Amex interviewed FDs in the UK and Germany from 200 companies with a turnover of $25m+, exploring attitudes towards B2B e-procurement, specifically the barriers and benefits to implementation.
Currently, more than three-quarters of UK companies, and over half of German companies are still using traditional paper-based systems, despite the majority of respondents admitting that e-procurement facilitates price comparisons and speeds up invoice time and settlement.
But e-procurement roll out is slowly becoming a reality, with over half of FDs surveyed predicting implementation in the next 18 months. The growing desire of customers to negotiate contracts with companies on-line is major driver of implementation, with 84% of UK FDs saying that they had seen slight or marked increases in requests for on-line transactions.
Over half (55%) of FDs believe that e-procurement would bring savings of up to 10% on direct purchasing costs, while nearly a third estimate savings of up to 20%. Furthermore, 72% of respondents believe they will be able to save 25% on indirect purchasing costs.
Despite the potential savings, a substantial proportion of FDs are missing out on the benefits of e-procurement due to confusion, fear and lack of understanding.
Almost half of UK FDs believe e-procurement to be ordering on-line only. The survey suggests that by omitting billing and payment functionality, these FDs are missing out on substantial process and cost savings.
Furthermore, 75% of UK FDs admit to being oblivious to e-procurement best practice and industry recommendations. Those who do understand ‘best practice’ take it to mean: determining a strategy before choosing a channel (25%); appointing a dedicated team (20%); and having a preferred supplier policy (9%).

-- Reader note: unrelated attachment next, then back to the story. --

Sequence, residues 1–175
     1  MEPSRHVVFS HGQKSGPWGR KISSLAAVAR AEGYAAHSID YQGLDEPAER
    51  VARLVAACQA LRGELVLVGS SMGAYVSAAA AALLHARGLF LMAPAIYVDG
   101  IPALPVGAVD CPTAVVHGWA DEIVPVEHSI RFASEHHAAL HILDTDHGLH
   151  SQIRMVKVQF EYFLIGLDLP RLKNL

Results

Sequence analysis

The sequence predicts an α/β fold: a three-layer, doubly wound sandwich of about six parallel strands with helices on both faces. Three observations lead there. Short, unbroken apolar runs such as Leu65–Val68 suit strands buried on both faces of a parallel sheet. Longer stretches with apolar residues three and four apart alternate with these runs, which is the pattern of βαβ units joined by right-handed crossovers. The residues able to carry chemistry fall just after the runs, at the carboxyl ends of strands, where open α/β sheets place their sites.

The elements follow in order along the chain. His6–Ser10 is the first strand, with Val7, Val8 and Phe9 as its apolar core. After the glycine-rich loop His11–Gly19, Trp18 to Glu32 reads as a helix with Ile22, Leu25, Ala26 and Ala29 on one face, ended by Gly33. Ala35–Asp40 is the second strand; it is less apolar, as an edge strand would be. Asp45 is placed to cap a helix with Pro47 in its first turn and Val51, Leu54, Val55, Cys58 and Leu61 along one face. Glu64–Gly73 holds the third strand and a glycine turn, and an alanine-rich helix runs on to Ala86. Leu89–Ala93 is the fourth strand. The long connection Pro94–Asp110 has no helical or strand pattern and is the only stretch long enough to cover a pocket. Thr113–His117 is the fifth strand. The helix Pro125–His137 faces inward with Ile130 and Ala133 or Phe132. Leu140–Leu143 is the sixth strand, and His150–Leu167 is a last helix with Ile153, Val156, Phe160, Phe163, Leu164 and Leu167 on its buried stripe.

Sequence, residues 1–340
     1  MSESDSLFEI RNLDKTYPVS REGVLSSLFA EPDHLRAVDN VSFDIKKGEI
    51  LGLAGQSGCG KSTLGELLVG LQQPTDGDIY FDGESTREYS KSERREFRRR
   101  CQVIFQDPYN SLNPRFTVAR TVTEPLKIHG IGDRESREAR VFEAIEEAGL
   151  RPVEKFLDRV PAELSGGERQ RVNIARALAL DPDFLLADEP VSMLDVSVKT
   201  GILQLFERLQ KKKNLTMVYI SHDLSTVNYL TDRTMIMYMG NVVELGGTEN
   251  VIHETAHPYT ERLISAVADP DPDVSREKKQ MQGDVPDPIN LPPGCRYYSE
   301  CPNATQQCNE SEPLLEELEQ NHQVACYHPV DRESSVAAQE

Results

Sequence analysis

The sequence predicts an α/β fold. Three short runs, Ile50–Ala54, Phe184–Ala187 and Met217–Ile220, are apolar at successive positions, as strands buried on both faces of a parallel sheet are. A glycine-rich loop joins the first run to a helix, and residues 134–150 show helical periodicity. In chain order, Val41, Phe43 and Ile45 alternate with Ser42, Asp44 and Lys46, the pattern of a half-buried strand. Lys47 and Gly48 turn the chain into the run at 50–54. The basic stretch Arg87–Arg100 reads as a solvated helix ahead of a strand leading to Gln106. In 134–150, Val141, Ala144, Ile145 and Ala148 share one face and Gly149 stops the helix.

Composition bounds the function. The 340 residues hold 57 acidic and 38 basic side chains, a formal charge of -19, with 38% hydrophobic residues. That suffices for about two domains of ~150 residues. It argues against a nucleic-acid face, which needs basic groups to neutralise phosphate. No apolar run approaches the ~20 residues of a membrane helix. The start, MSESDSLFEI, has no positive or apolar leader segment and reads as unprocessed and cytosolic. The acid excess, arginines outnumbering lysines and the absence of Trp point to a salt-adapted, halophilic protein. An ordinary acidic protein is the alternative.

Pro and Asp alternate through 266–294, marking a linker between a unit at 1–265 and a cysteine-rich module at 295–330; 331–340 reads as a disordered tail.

Key barriers to installing e-procurement systems include technical compatibility (85%); that e-procurement is not at the top of the boardroom agenda (74%); and the fear of transacting on-line with unknown companies (69%). Only 17% of respondents cited cost of implementation as an issue.
The survey flags intrinsic differences between UK and German attitudes to new technology. German companies are ahead of their UK counterparts, with 34% having automated at least part of the purchasing process (UK 9%). But German FDs place the responsibility for implementing new technology with the IT department, whereas UK FDs are more proactive in IT strategy, with 37% of UK FDs designating the IT function as part of their remit (compared to 10% of German FDs).
For information on The American Express B2B eProcurement Report, contact email@example.com
NEDs GET #33,000 FOR TWO WEEKS’ WORK
Fees for non-executive directors (NEDs) at FTSE-350 companies range from #16,000 on average for the smallest companies up to #33,000 for companies with turnover of more than #2bn, according to the latest annual survey from remuneration adviser Monks Partnership.
Fees for non-exec chairmen range from #32,000 at the lower end to #200,000 at the top. The chairman’s role is part-time in four-out-of-five industrial companies.
The average age of NEDs is 58 and only 9% of non-executive directors are female. All but 1% of chairmen are male. Regardless of company size, NEDs typically work 12-15 days a year, though non-exec chairmen put in between 20 days (in companies with turnover below #50m) and 90 days (where turnover is more than #2bn). Boards tend to meet between 10 and 12 times a year, while audit committees gather together three or four times a year in large companies or financial institutions.
Almost half of those surveyed had not raised NED fees over the previous year, but the median increase at those which had was 13.6%. Most FTSE-100 companies determine fees by looking at a “comparator group” based on company size, while half look at their own industry sector. None said that they set their fee policy below “mid-market” practice.
Non-executive Director Practice and Fees, #400, Monks Partnership, 01799 542222.
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